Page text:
"Sounds very important," Rey says, in a tone that will likely jeopardize any chance she had at working at this place. She finds she no longer cares. "All I've heard so far is about how difficult and taxing this role is, but no one will tell me what it actually involves."
"Then let me have the pleasure."
There is, of course, nothing pleasurable about the way he's looking at her — except the dark, earthy scent still surging like a current through her body. But she's doing a pretty good job of ignoring that. She thinks.
"This job," he says slowly, "involves commitment. The performative aspect of this academy’s curriculum means you must maintain your role from the moment you walk through the door and every moment thereafter. Our teachers provide a living example of ideal behavior for our students. You must uphold this ideal in everything you do here. With no exception.”
“And who determines my ideal behavior?”
Her breath catches. “My teaching partner, you mean.”
“Your Alpha,” he continues, with a note of warning, “will be your guide in every aspect of your tenure here. Since you won’t have the benefit of an orientation, he will also guide you in your own training as an assistant. And, like this job, your Alpha will demand your absolute, unwavering commitment.”
“Will he?” Rey says, amused by his seriousness.
“Sounds very taxing.”
“You don’t believe me.”
“It’s just that I’ve had far more demanding jobs than whatever you’re describing.” Rey leans back in her chair. “You ever tend bar on the north end?”
His nostrils flare. “You shouldn’t be anywhere near the north end.”
“I grew up on the north end,” she says tightly. “And I’m not worried about whether I can fool some impressionable young Alphas into thinking I’m sweeter and softer than I am. I don’t need an orientation to teach me to pretend to be a good Omega.”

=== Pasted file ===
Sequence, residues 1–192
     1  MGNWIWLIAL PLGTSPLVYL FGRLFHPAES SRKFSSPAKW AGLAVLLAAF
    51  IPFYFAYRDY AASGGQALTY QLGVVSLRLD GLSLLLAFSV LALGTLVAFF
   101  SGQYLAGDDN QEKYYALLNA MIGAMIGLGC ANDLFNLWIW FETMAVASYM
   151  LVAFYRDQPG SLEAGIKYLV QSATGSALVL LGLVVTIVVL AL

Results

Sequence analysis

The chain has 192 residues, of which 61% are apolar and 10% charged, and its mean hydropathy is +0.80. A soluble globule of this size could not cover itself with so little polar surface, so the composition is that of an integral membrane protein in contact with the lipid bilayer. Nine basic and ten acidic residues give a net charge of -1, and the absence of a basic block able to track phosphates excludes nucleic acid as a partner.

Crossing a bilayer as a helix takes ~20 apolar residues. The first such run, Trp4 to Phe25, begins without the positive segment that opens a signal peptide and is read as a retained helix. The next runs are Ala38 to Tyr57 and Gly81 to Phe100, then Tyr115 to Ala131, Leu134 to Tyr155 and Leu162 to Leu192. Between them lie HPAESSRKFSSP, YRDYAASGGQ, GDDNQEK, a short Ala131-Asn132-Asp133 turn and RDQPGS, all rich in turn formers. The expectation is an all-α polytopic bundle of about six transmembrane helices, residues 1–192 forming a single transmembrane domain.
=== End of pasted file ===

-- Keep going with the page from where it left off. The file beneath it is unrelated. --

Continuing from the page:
“You could have fooled me.”
Ignoring the sharp stab of hurt in her chest, Rey rises to her feet. “That’s because I learned what I needed to do so that I don’t have to pretend anymore.”
“Then why come here to keep pretending?”
“I need the money,” Rey says. “And I’m good at it.” Or, well, she usually is. Something about this particular Alpha makes it difficult to pretend to be anything but the raw, visceral feelings he inspires in her.
Not that it matters.
She has clearly screwed up this interview enough to ruin any chance at working here — not as an Omega, a dishwasher, or anything in between.
“I’d better get going," she says, pushing away her chair. "I’m sure you’ve got a pile of other interviews lined up this morning for this thrilling opportunity.”
“We don’t.” His expression is inscrutable as he studies her. “And even if we did, it wouldn’t matter. The job is yours.”
Her mouth drops open. “What?”
“You have the job,” he repeats. “We have no other options right now. So it’s yours. Contingent on your performance during a trial session today.”
A trial session. So they’ll judge her performance. Unexpected elation mixes with a sudden, burning desire to know if he’ll be the one doing the judging. A trial session. Will he be in the audience? Watching? Her stomach squirms at the image. She wouldn’t want him there, of course—she hopes she never has to be anywhere near this intolerable Alpha again—but she can’t help but wonder what he would think, if he were watching her. Nonsensical, urgent Omega thoughts begin to whirl in her mind: Would he be impressed by her performance? Would he think she is a good Omega, an ideal Omega, a perfect, sweet, desirable Omega for an Alpha just like—
She needs to get out of this room.
“Thank you,” Rey manages. She nearly knocks the chair over as she walks backward, knees like jelly.
He watches her intently as she leaves. "Looking forward to it."
The air in the corridor outside is as fresh as springtime. Leaning against the wall, Rey takes a deep, steadying breath, allowing it to clear her head of the Omega voice still spinning tales in her muddy brain. She can't remember ever being so unmoored by an Alpha—and such an insufferable one at that.
As she heads down the hall, away from him, Rey finds herself unexpectedly grateful. No matter how awful her new teaching partner may be—and this person must be pretty awful, if they've already frightened off multiple Omegas before her—
They can't possibly be as awful as him.
And if that arrogant, obnoxious, intolerably attractive Alpha in the conference room wasn't enough to send her running, Rey can take anything her partner might throw at her.
She's sure of it.